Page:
Before heading to the royal reception hall with his family, Ben Ali told the plane’s crew to “go to the hotel and rest. We will be back soon.” Meanwhile, the TV sets in the hall were tuned to Al Jazeera channel, which displayed news of the president’s escape in bold red. Ben Ali was upset and thought he had been betrayed by those closest to him.
Upon arriving in Saudi Arabia, Ben Ali once again attempted to contact the Prime Minister late at night. General Rashid Ammar describes the call, saying, “Prime Minister Mohamed Ghannouchi had gone to the headquarters of the Interior Ministry with the Minister of Defense Ridha Grira. While there, he received a call from Ben Ali, who was surprised of the action being taken. Ghannouchi told him the measures were constitutional and legal. He literally told him ‘There is a vacuum… The country cannot take a power vacuum, and we followed the law.’”
But the final blow came from the final flight’s plane. The plane’s pilot, Mahmoud Sheikh Ruhu, remembers the hours following their arrival at Jeddah Airport and leaving Ben Ali. “I called the head of the Tunisian airlines – my immediate boss and first authority for the aircraft – and informed him that we would rather head back immediately. He told me to that he would call me back, and fifteen minutes later, he phoned and said to ‘return with the plane.’ We headed back to Tunisia at around 5 am and handed the plane over in the presence of official military forces.”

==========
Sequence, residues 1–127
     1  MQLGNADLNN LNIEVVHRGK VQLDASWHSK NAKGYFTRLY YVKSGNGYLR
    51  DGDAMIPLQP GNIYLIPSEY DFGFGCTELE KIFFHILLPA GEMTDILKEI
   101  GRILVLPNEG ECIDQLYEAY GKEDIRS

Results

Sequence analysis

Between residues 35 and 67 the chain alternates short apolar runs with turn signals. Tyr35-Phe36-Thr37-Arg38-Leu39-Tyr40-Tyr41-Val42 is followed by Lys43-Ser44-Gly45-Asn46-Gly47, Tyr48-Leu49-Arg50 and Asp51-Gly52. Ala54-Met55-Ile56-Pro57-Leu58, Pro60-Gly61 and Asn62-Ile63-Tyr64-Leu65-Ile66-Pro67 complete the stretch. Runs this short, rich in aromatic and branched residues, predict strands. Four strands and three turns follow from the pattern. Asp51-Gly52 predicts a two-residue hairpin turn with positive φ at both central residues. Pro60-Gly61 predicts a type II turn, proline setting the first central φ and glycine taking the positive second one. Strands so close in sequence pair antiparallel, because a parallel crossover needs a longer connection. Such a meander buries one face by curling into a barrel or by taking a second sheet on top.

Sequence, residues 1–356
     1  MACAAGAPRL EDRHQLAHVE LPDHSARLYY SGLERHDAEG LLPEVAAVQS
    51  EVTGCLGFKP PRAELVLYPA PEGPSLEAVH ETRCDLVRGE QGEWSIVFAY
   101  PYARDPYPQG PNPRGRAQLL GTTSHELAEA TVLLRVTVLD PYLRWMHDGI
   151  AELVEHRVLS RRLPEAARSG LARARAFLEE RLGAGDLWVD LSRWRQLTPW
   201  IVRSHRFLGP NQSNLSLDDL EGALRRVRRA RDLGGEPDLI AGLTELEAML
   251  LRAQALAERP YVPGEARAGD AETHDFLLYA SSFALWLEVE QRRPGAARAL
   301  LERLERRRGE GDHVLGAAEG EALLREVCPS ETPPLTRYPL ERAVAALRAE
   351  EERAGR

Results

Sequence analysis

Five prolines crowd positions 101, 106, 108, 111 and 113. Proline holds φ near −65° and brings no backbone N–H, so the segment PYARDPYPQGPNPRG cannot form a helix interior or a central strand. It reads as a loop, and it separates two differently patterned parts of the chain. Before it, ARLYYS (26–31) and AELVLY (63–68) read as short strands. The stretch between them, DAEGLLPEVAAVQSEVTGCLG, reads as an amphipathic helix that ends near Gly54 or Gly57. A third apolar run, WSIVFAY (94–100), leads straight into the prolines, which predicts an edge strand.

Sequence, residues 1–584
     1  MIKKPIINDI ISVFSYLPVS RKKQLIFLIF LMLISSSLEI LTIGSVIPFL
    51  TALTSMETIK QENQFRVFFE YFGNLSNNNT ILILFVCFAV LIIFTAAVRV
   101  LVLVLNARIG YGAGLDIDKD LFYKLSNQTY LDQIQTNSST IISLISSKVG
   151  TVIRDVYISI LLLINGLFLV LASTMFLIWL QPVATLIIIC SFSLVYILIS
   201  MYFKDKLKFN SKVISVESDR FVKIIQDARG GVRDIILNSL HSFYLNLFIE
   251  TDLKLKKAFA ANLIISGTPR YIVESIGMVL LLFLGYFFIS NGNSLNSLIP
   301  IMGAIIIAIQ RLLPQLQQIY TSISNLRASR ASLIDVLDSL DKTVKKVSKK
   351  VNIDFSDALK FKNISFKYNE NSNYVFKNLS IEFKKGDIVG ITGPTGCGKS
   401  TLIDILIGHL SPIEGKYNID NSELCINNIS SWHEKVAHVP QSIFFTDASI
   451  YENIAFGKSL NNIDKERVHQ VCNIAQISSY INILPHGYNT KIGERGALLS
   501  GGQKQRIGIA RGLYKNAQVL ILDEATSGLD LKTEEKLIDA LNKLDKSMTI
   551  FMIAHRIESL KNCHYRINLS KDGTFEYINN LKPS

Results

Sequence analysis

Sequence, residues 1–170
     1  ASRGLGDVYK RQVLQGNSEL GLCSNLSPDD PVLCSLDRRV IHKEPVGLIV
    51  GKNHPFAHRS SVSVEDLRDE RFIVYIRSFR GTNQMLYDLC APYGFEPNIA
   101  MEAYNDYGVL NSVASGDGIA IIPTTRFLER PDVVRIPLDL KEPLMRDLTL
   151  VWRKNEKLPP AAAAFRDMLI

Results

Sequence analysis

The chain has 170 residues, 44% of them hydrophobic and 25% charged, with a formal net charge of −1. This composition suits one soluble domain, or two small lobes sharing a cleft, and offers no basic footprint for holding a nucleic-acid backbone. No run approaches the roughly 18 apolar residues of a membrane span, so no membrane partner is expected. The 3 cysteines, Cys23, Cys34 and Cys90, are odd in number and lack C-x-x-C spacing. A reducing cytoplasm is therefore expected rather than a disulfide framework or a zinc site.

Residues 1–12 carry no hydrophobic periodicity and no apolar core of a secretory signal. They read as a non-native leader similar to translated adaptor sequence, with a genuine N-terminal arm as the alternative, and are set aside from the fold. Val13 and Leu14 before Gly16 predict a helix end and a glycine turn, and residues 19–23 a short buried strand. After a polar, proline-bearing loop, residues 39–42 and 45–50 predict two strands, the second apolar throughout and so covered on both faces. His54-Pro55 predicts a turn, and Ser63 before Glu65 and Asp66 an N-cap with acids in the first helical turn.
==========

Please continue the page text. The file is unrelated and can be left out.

Ben Ali was adamant about returning to the country the following day. In his memoirs, Mohammed Saeed al-Qashat, Libya’s former Ambassador to Riyadh and one of the few people to meet Ben Ali during his Saudi exile, recounts hearing Ben Ali say: “I left the plane in Jeddah to perform Umrah. When I returned, I found that the plane had departed. They had phoned the pilot and told him they were in agreement with the president that the plane should return and leave me behind. I hadn’t agreed to anything with anyone.”